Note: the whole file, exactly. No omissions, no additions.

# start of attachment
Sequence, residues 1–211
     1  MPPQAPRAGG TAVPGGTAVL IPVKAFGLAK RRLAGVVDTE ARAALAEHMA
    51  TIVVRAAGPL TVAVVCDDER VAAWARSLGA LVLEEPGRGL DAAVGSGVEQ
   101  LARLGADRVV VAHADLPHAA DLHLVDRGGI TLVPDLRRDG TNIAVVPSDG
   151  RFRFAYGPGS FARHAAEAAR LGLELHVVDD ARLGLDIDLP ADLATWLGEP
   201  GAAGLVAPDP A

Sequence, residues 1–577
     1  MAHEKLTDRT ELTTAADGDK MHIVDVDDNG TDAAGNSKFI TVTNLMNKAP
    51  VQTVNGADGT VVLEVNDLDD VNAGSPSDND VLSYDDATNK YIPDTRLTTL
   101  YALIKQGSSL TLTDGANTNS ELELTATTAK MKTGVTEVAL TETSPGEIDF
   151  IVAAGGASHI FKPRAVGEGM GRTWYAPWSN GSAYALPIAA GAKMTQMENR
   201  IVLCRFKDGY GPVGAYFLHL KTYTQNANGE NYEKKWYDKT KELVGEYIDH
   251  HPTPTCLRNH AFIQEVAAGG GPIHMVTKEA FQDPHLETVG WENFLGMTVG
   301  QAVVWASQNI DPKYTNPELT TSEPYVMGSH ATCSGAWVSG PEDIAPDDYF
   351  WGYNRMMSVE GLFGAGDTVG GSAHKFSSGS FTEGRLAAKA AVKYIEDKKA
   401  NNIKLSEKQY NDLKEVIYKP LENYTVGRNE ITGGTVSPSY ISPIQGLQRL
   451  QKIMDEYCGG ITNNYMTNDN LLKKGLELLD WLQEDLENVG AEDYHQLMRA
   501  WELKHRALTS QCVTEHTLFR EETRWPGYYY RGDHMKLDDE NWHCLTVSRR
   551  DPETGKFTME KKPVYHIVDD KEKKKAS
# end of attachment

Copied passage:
Sequence, residues 1–211
     1  MPPQAPRAGG TAVPGGTAVL IPVKAFGLAK RRLAGVVDTE ARAALAEHMA
    51  TIVVRAAGPL TVAVVCDDER VAAWARSLGA LVLEEPGRGL DAAVGSGVEQ
   101  LARLGADRVV VAHADLPHAA DLHLVDRGGI TLVPDLRRDG TNIAVVPSDG
   151  RFRFAYGPGS FARHAAEAAR LGLELHVVDD ARLGLDIDLP ADLATWLGEP
   201  GAAGLVAPDP A

Sequence, residues 1–577
     1  MAHEKLTDRT ELTTAADGDK MHIVDVDDNG TDAAGNSKFI TVTNLMNKAP
    51  VQTVNGADGT VVLEVNDLDD VNAGSPSDND VLSYDDATNK YIPDTRLTTL
   101  YALIKQGSSL TLTDGANTNS ELELTATTAK MKTGVTEVAL TETSPGEIDF
   151  IVAAGGASHI FKPRAVGEGM GRTWYAPWSN GSAYALPIAA GAKMTQMENR
   201  IVLCRFKDGY GPVGAYFLHL KTYTQNANGE NYEKKWYDKT KELVGEYIDH
   251  HPTPTCLRNH AFIQEVAAGG GPIHMVTKEA FQDPHLETVG WENFLGMTVG
   301  QAVVWASQNI DPKYTNPELT TSEPYVMGSH ATCSGAWVSG PEDIAPDDYF
   351  WGYNRMMSVE GLFGAGDTVG GSAHKFSSGS FTEGRLAAKA AVKYIEDKKA
   401  NNIKLSEKQY NDLKEVIYKP LENYTVGRNE ITGGTVSPSY ISPIQGLQRL
   451  QKIMDEYCGG ITNNYMTNDN LLKKGLELLD WLQEDLENVG AEDYHQLMRA
   501  WELKHRALTS QCVTEHTLFR EETRWPGYYY RGDHMKLDDE NWHCLTVSRR
   551  DPETGKFTME KKPVYHIVDD KEKKKAS